Photovoltaic systems and wind turbines are therefore better candidates for sustained cost reduction than large nuclear or coal plants. The lower price of solar cells today is due to increasing the efficiency with which sunlight is converted to electricity within modules, less manufacturing waste and greater economies of scale.
Wind turbines have seen similar progress, reaching higher wind speeds at greater heights to deliver more energy per cost of installed unit. Indeed, wind energy now competes economically with fossil-fuelled thermal power plants in several places, including Texas, and in Denmark it supplies 30% of electricity consumption.
Knowledge about how to design, build and integrate these technologies into the energy infrastructure has also grown. For example, it takes roughly half the time to install a solar system in Germany compared with the United States, thanks to a more experienced workforce and streamlined permit processes.
Opportunities and investment for energy storage technologies
IEA report says technologies offer significant potential for energy-sector decarbonisation but struggle in today’s markets
19 March 2014
Energy storage technologies – spanning everything from electric water heaters to pumped hydro – are valuable components in most energy systems and could be an important tool for achieving a low-carbon future. In a new report released today, the IEA estimates that China, India, the European Union and the United States alone should invest at least USD 380 billion in new electricity storage capacity by 2050 to support decarbonisation.
By setting aside energy for use when and where it is needed, energy storage – both electricity and thermal (for heating and cooling) – can decouple supply from demand, increasing system flexibility and improving reliability. It is expected that storage could play a key role in coming decades in facilitating the expansion of variable renewable energy sources like wind and solar.
"Energy storage technologies can play a key role in energy sector decarbonisation by helping to better connect electricity and heat networks," Didier Houssin, IEA Director of Sustainable Energy Policy and Technology, said at the Paris release of the roadmap. "Furthermore, these technologies can improve the efficiency of energy resource use and increase energy access, which are critical components of a secure, sustainable energy system for all."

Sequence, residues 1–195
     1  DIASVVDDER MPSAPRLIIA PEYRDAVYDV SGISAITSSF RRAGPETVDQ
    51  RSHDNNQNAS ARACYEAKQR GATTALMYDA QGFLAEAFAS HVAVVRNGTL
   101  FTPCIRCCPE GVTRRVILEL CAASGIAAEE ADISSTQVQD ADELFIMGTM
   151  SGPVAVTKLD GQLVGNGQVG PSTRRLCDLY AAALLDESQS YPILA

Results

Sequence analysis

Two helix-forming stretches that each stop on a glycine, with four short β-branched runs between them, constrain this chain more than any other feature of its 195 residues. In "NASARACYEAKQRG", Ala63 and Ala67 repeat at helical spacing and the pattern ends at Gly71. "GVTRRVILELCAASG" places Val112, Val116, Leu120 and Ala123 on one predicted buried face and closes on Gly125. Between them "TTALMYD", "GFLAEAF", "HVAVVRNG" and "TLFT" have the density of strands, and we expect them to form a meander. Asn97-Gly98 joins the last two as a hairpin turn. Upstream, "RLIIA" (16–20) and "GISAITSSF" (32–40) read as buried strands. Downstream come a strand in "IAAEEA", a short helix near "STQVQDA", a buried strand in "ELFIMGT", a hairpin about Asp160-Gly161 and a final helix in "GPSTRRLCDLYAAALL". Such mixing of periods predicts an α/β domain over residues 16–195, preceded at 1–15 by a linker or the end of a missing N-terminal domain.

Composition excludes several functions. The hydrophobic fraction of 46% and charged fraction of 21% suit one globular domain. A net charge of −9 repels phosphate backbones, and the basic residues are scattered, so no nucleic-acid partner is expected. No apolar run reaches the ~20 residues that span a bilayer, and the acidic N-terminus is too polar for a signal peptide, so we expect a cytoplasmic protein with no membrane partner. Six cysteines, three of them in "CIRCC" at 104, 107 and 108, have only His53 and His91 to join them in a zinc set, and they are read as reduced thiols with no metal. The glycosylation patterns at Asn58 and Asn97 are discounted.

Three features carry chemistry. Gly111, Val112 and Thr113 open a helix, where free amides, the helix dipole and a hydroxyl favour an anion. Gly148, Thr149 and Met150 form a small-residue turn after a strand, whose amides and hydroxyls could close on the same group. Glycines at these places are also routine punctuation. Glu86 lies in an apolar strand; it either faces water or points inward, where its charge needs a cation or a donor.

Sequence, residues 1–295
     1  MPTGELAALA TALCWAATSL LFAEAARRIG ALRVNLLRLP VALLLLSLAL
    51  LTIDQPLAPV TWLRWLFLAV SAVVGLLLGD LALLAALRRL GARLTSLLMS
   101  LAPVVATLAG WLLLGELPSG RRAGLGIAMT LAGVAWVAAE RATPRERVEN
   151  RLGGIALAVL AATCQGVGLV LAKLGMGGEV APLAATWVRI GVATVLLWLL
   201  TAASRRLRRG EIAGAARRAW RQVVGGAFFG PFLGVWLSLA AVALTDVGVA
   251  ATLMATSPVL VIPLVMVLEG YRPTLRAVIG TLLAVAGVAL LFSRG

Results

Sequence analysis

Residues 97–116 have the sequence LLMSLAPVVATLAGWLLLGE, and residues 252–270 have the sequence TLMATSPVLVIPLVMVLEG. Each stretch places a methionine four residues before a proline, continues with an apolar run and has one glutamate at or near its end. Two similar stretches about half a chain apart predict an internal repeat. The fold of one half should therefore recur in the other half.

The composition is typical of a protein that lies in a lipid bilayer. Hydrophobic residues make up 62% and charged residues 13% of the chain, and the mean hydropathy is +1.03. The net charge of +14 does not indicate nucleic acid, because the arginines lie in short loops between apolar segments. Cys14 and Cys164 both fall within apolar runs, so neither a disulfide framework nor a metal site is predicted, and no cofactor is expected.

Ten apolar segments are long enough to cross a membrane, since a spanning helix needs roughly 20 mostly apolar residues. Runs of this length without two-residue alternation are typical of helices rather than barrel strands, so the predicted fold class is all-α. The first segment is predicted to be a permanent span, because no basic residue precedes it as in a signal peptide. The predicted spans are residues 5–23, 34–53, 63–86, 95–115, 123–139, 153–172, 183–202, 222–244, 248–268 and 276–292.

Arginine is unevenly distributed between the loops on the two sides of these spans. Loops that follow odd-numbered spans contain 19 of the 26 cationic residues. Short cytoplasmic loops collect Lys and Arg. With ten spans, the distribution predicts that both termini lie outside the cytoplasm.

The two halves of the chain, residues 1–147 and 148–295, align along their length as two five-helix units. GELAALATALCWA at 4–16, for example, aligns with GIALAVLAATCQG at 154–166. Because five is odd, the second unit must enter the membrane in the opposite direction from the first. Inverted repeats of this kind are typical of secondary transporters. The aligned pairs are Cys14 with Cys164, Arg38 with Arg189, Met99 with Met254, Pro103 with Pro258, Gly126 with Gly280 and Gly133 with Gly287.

Technology Roadmap: Energy Storage, the latest in the series of IEA publications that show how different technologies can speed the transition to a low-carbon energy system, can be downloaded for free here.
Technology Roadmap: Energy Storage presents an electricity-sector decarbonisation scenario that integrates renewables in part by deploying an estimated 310 gigawatts of additional grid-connected electricity storage in the US, Europe, India and China by 2050. That is 100 times more storage capacity than at the Bath County Pumped Storage Station in the United States, the largest single electricity storage facility in the world, and nearly 10 times all present electricity storage in the European Union.
Storage systems can be defined by how long they can store energy, from systems that hold solar power for use at night to seasonal systems that save summer heat to warm homes in the winter. On the shortest-term basis, electricity storage systems can shift supply and demand within an area to correct load imbalances, avoiding brownouts and blackouts. Storage includes large, centralised systems as well as small and off-grid units.
IEA: R&D, not ‘silver bullet’ hype required on energy storage
By Andy Colthorpe - 20 March 2014, 10:20
In News, Power Generation, Grid Connection
Energy storage technologies are not the “silver bullet” they have sometimes been hyped as, but nonetheless have a crucial role to play in a decarbonised electricity system, according to the International Energy Agency (IEA).
The IEA has published a technology ‘roadmap’ for energy storage, covering electricity and thermal storage systems.